Energy-poor Poland is about to embark upon using hydraulic fracturing to develop the country's natural gas reserves. The practice is controversial in many countries, including the U.S., because of its potential impact on the environment, particularly groundwater. Many municipalities and counties in the U.S. have adopted stringent regulations as a result.
Poland's Petrolinvest has formed a joint venture, Silurian-Hallwood, with the U.S.-based Hallwood Energy to begin shale gas extraction after funding is raised, Rzeczpospolita newspaper reported.
Silurian-Hallwood is currently attempting to raise $90-100 million, of which, $20-25 million will come from private investment with the remaining $70-75 million from an initial public offering (IPO) prior to the company being listed on London's Alternative Investment Market (AIM) later this year.
Author Jacek Skorupski observed, "Shale gas is a matter of a political nature. If we treat it like any other investment, we will be faced with mounting difficulties."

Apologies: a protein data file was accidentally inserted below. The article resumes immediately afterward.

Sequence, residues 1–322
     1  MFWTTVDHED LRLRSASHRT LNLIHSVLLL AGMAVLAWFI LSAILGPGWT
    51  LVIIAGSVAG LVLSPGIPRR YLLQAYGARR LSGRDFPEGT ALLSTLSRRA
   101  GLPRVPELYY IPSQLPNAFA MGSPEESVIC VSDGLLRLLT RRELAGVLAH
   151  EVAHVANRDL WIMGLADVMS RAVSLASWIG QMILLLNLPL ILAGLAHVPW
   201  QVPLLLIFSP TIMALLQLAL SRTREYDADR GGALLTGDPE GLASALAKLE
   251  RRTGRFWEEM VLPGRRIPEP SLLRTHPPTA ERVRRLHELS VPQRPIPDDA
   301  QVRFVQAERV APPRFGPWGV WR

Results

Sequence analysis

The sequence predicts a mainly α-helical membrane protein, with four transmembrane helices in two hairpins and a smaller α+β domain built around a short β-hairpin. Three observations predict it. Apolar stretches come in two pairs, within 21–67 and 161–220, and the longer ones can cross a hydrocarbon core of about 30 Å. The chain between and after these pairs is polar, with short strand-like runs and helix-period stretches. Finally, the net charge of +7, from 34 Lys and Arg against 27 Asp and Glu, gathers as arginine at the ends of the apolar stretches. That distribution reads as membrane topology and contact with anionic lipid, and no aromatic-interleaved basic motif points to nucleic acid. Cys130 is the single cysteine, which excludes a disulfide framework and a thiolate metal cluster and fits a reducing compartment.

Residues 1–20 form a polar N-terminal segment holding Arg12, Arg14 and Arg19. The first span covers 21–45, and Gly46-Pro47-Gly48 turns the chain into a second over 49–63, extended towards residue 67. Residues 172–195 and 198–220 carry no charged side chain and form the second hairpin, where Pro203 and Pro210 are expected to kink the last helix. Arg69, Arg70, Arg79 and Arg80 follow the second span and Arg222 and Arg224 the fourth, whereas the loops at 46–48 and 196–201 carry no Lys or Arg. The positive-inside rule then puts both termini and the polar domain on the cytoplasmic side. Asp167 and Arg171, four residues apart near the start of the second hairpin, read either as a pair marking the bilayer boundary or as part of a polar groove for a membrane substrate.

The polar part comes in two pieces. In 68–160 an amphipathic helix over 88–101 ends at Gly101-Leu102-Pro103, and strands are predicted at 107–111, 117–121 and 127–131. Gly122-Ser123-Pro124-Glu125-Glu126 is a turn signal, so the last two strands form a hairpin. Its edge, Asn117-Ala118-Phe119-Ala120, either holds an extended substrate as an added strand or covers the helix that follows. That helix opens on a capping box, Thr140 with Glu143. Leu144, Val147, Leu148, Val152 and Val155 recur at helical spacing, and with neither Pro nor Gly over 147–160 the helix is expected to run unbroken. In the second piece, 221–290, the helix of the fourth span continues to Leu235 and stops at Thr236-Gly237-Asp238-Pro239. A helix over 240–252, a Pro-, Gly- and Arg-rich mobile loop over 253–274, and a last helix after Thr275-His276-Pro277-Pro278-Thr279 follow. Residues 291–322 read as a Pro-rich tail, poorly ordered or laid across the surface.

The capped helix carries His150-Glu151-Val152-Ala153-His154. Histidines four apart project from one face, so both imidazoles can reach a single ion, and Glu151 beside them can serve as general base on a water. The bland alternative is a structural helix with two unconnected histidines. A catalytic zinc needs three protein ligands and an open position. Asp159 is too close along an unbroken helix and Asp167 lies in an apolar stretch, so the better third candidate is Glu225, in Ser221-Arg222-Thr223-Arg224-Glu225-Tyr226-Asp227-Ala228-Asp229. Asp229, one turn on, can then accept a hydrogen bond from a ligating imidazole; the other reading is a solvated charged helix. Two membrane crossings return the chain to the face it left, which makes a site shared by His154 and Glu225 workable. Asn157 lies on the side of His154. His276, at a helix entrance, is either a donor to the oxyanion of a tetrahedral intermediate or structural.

Deputy Environment Minister Jacek Jezierski ambiguously noted, "We will be able to say whether amendments to provisions regulating shale gas extraction are needed once we perform a professional assessment of its environmental impact, not an emotional one. Poland intends to control this process, not to ban it."
Marek Kryda of the Institute of Civil Affairs emphasized, "It is necessary to look after issues related to property expropriation and lease. We can already see irregularities at the stage of test drilling."
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